Argumentation and Health

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Argumentation and Health by Sara Rubinelli,A. Francisca Snoeck Henkemans Summary

In recent years, there has been a growing interest in the role of argumentation in the health care domain. Argumentation and Health is a collection of essays by argumentation theorists reflecting on the way in which the institutional context of health care shapes the argumentative interaction. The volume provides for the first time an overview of the most important recent developments and achievements of the study of argumentation in medical and public oriented health communication. In Argumentation and Health , attention is paid to argumentation in different forms of health communication, such as the medical consultation, direct-to-consumer drug advertising, health brochures and health risk communication. This book is of interest to argumentation theorists, (health) communication scholars, healthcare practitioners, students of medicine and health-related fields, and all other researchers and practitioners interested in the function and characteristics of argumentation in health communication. Originally published in Journal of Argumentation in Context, Vol. 1:1 (2012).

Doctors and Patients

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Doctors and Patients by J. Bergsma Summary

Patients have personal strategies in solving the problems concerning their illness. Doctors have personal and professional strategies in solving the problems with their patients. This book explores the problematic triangle between doctors, patients and the illness, using illustrations from internal medicine, nephrology, cardiology, oncology and neurology. Enhancement of the doctor-patient interaction is an important contribution to the mutual reduction of stress and therefore the improvement of the course of (long-term) illness. The first part of the book describes reasons why the partnership between doctor and patient should be improved. The second part offers concrete and practical options to achieve that improvement.

Encyclopedia of Phenomenology

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Encyclopedia of Phenomenology by Lester Embree Summary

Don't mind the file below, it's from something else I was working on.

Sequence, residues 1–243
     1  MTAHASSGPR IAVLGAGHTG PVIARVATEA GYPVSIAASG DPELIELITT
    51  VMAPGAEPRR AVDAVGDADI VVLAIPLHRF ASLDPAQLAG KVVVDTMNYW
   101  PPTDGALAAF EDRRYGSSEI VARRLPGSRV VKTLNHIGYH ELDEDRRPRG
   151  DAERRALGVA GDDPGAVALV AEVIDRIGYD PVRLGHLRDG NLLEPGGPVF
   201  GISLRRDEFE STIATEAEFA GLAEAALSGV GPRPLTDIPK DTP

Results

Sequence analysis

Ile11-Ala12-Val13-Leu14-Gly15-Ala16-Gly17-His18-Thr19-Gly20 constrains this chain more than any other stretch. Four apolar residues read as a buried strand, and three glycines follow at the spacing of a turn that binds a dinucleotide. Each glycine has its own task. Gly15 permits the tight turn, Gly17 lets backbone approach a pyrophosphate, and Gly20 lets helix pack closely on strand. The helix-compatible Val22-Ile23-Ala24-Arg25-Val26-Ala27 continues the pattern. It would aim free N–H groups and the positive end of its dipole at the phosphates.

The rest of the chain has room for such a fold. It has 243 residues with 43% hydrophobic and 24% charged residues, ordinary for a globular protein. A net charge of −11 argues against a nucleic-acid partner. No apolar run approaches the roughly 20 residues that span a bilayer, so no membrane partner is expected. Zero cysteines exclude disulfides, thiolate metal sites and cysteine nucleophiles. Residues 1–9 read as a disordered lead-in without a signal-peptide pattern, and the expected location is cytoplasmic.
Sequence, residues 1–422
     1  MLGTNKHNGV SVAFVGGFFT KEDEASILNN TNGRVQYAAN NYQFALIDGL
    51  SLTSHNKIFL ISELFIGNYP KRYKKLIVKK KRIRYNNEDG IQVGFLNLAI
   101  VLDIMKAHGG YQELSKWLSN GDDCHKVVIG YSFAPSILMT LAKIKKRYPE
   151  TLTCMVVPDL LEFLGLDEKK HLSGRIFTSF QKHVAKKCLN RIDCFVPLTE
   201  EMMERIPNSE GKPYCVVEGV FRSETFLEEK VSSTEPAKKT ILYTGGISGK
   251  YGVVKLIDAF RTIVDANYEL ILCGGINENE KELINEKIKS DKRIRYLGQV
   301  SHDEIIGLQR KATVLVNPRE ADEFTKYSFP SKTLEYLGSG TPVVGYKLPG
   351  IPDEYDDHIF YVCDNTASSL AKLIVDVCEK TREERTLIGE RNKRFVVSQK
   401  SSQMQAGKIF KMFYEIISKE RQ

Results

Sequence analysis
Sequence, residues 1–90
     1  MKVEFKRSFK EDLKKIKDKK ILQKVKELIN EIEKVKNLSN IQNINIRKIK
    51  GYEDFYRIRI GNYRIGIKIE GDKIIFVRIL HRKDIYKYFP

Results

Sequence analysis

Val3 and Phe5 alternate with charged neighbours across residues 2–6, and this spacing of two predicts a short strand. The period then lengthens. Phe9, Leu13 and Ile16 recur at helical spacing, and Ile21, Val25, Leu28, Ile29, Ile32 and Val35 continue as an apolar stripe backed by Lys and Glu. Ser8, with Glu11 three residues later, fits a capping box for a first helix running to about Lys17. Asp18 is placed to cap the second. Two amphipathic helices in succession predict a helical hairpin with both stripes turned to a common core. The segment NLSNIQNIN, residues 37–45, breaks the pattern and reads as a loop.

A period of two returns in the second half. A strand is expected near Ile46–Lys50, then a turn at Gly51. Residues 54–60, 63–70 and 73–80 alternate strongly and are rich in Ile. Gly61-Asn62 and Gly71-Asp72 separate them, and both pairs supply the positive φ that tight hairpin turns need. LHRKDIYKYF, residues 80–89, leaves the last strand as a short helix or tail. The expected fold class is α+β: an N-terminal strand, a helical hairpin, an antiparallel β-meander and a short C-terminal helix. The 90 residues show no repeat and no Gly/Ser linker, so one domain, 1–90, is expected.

This encyclopedia presents phenomenological thought and the phenomenological movement within philosophy and within more than a score of other disciplines on a level accessible to professional colleagues of other orientations as well as to advanced undergraduate and graduate students. Entries average 3,000 words. In practically all cases, they include lists of works "For Further Study." The Introduction briefly chronicles the changing phenomenological agenda and compares phenomenology with other 20th Century movements. The 166 entries are a baut matters of seven sorts: ( 1) the faur broad tendencies and periods within the phenomenological movement; (2) twenty-three national traditions ofphenomenology; (3) twenty-two philosophical sub-disciplines, including those referred to with the formula "the philosophy of x"; (4) phenomenological tendencies within twenty-one non-philosophical dis ciplines; (5) forty major phenomenological topics; (6) twenty-eight leading phenomenological figures; and (7) twenty-seven non-phenomenological figures and movements ofinteresting sim ilarities and differences with phenomenology. Conventions Concern ing persons, years ofbirth and death are given upon first mention in an entry ofthe names of deceased non-phenomenologists. The names of persons believed tobe phenomenologists and also, for cross-referencing purposes, the titles of other entries are printed entirely in SMALL CAPITAL letters, also upon first mention. In addition, all words thus occurring in all small capital letters are listed in the index with the numbers of all pages on which they occur. To facilitate indexing, Chinese, Hungarian, and Japanese names have been re-arranged so that the personal name precedes the family name.